Behind the Curtain - How Changes are Made to Georgia's Workers' Compensation Act

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You may already be familiar with how a law is passed in Georgia.  First, a bill is passed by both parts of the state legislature (House of Representatives and Senate).  The bill is then sent to the governor to sign.  If the governor signs the bill, it becomes law.   This is same method established by the Georgia Constitution in 1789 (with minor changes made since that time).  It is a tried and true method, but have you ever wondered how a bill makes it to the legislature to begin with?  Below is a description about how changes to the law involving Georgia's Workers' Compensation Act occur and the people responsible for submitting those changes.

Chairman's Advisory Council History & Purpose

In 1992, the Georgia General Assembly endured a particularly divisive legislative session when multiple issues emerged in competing bills filed on behalf of stakeholders with opposing interests in the Georgia workers' compensation system. Governor Zell Miller responded by calling then State Board of Workers' Compensation (SBWC) Chairman Hal Dawkins to ask if there could be a better way to evaluate proposed legislation on workers' compensation. This incident gave birth to the current Chairman's Advisory Council, replacing the prior 10-member statutory Governor's Workers' Compensation Advisory Council. The newly formed Advisory Council, with a membership that today includes 91 people, is organized around six committees which focus on specific areas of Georgia's approximately $2 billion workers' compensation industry and its administration. Members of the Advisory Council are well versed in one or more aspects of workers' compensation and bring their individual expertise to the table to discuss and vet workers' compensation legislation, rules, medical treatment/expenses, and all other issues that impact injured workers, employers, insurance companies, and claims/benefit levels.

  • The Advisory Council serves as an excellent resource for the Georgia General Assembly and the SBWC on issues that can be quite complex and potentially divisive.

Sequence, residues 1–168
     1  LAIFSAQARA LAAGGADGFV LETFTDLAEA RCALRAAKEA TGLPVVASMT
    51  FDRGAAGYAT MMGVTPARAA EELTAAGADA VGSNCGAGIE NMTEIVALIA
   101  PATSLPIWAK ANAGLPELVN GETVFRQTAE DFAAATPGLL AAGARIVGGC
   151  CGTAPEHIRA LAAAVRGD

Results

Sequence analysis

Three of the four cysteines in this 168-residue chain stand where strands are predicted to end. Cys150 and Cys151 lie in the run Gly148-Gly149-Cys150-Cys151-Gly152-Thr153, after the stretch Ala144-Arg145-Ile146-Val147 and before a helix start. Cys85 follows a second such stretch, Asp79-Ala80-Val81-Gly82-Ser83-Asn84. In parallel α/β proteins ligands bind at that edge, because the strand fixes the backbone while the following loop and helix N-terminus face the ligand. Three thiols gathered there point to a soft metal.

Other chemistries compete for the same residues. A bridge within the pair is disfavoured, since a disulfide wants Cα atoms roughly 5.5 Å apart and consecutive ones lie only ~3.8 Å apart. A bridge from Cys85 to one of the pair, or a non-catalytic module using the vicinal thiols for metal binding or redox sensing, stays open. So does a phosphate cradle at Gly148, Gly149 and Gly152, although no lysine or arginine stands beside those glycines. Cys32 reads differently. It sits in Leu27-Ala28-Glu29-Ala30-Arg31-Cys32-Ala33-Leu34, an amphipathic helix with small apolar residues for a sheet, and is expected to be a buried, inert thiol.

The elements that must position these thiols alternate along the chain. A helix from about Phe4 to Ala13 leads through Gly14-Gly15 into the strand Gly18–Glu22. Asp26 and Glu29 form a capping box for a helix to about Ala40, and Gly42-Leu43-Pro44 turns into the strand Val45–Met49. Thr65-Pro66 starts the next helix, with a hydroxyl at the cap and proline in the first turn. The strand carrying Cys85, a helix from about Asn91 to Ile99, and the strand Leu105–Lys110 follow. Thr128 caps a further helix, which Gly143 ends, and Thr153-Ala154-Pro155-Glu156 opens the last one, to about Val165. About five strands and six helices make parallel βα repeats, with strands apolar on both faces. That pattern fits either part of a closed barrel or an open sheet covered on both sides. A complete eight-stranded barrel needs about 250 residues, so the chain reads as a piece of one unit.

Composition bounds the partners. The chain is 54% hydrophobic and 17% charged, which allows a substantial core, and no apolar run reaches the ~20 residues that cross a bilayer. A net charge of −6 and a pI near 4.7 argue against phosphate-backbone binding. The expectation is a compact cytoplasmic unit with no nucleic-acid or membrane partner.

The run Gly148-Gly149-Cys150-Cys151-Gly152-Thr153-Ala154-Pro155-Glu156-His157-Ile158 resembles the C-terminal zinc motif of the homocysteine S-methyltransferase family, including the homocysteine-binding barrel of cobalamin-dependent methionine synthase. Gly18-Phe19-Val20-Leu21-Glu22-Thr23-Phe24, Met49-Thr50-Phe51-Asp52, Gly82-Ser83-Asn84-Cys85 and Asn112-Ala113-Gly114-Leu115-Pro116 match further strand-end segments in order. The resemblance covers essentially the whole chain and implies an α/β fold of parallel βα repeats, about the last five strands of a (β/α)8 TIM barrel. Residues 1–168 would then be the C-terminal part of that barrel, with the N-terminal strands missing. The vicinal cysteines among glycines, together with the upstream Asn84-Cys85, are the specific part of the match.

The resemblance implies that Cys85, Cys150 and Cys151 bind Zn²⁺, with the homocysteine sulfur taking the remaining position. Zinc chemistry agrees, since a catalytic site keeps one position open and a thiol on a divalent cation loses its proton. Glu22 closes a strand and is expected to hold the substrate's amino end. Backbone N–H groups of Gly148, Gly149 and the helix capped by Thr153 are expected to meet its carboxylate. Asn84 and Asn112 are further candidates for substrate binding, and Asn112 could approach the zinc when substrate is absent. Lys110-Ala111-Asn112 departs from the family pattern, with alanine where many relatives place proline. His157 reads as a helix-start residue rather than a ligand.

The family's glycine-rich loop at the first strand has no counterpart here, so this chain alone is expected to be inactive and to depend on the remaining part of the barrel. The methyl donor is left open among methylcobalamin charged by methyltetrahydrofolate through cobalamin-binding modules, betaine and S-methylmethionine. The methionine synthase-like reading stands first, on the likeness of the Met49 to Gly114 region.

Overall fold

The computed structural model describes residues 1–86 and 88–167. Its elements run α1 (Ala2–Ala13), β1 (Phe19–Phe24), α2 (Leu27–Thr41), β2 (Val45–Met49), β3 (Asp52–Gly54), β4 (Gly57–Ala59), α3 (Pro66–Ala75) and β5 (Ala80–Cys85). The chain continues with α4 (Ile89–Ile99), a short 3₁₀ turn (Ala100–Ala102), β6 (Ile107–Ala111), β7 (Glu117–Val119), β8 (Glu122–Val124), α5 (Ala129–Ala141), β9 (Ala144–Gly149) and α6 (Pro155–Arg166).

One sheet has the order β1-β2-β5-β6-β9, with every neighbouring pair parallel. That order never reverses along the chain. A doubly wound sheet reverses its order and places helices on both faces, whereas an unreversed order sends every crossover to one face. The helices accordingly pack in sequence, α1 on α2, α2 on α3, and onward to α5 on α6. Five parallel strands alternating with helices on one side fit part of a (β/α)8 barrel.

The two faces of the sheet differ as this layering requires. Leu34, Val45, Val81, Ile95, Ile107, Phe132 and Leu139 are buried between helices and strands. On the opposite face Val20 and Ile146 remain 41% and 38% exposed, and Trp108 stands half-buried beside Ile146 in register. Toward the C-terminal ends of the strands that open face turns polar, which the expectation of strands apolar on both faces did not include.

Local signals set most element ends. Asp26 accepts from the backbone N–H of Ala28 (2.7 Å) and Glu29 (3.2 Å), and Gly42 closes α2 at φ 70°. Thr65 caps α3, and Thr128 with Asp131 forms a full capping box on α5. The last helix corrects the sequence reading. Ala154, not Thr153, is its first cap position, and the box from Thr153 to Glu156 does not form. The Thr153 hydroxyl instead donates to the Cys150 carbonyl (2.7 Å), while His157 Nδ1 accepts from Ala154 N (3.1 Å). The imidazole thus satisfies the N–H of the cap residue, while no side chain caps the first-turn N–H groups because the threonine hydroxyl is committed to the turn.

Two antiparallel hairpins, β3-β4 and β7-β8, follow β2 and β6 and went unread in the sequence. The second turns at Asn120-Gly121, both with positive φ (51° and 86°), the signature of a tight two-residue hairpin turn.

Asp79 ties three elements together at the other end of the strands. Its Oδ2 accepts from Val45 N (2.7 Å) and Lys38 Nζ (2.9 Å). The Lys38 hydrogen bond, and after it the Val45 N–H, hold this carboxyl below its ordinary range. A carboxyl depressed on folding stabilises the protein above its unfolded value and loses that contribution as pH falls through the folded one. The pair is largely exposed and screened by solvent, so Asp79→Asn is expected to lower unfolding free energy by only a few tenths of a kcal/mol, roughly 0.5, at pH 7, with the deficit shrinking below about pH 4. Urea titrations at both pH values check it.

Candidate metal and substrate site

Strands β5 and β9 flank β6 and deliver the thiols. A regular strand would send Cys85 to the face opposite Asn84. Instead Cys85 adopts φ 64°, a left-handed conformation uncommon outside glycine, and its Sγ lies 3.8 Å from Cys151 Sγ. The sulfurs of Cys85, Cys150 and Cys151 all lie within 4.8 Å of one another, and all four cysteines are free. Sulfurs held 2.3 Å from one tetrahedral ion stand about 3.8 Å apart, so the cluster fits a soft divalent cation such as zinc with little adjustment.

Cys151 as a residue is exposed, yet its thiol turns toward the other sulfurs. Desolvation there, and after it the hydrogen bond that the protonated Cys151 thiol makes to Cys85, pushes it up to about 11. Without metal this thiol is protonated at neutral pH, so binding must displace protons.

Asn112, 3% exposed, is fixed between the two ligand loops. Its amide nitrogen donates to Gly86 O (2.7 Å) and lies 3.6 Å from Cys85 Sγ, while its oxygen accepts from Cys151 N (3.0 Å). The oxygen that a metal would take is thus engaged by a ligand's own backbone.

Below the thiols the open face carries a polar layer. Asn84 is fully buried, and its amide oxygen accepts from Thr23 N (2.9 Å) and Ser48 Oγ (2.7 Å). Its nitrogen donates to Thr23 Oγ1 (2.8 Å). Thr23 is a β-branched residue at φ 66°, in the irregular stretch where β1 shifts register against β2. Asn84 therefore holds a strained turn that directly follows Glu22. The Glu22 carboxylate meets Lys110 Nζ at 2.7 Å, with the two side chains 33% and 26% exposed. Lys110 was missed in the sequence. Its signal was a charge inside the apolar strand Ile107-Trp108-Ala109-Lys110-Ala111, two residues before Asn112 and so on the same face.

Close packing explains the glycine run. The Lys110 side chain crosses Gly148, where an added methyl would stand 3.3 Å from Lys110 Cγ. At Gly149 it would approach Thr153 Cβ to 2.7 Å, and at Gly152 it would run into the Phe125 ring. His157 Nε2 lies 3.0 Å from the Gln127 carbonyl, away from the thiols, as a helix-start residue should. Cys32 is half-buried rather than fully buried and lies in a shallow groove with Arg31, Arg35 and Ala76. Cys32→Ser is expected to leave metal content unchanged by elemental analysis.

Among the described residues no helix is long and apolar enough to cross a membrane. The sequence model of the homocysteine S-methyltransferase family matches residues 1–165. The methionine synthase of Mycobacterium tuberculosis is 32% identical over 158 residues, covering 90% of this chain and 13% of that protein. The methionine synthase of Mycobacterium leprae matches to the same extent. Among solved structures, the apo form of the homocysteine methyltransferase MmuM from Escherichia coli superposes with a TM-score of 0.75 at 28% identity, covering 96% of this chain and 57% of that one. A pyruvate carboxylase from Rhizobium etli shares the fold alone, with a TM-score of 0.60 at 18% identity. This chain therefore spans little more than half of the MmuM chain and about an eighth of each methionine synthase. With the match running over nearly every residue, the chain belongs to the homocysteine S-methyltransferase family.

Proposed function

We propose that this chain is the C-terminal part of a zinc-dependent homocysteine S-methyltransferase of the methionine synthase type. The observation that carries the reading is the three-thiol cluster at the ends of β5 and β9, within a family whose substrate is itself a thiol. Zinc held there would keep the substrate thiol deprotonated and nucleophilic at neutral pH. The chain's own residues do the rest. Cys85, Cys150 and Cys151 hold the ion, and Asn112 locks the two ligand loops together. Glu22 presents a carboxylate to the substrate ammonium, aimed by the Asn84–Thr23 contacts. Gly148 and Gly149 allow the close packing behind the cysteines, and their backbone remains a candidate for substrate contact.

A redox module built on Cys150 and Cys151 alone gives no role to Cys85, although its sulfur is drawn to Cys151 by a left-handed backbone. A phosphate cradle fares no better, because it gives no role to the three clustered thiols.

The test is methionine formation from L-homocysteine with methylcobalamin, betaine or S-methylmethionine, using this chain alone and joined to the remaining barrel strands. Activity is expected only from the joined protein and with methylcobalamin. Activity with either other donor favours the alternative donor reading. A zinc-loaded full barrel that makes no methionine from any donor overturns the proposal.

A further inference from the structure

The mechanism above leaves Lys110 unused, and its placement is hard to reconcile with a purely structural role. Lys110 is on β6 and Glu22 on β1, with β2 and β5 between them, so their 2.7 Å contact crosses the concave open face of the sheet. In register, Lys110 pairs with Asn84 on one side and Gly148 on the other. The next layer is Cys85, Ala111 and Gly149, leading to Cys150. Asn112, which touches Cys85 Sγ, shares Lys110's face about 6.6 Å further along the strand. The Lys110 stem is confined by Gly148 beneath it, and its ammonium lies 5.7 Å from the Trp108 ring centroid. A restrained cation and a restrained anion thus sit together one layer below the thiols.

• The Advisory Council offers advice to both legislators and SBWC members, yet it does not cast up or down votes on issues like a legislative body. Instead, the Advisory Council strives to reach consensus on the best course of action for the overall benefit of Georgia's workers' compensation system. The Advisory Council through collaboration has vetted potential legislative drafts and ideas at the request of members of the Legislature many times over the years. It has been highly successful for 30 years and helped Georgia earn a national reputation for having a fair, balanced and well-run workers' compensation system.
  • The Advisory Council members understandably bring their own perspectives and unique expertise into discussions, but they are expected to work collaboratively with other members towards continuous enhancement of the overall health of the system.
  • The pursuit of individual or specific stakeholder agendas to the detriment of the collaborative approach towards system enhancement is discouraged, as is working around or outside the Advisory Council to pursue legislation that has not been thoroughly reviewed or on which there has not been consensus. The makeup of the Advisory Council includes professionals who possess characteristics that allow them to work together. Advisory Council members include claimant attorneys, defense attorneys, physicians, nurses, large and small employers, governmental entities, medical and hospital associations, insurers, third party administrators, rehab suppliers, managed care consultants, and various workers' compensation group funds.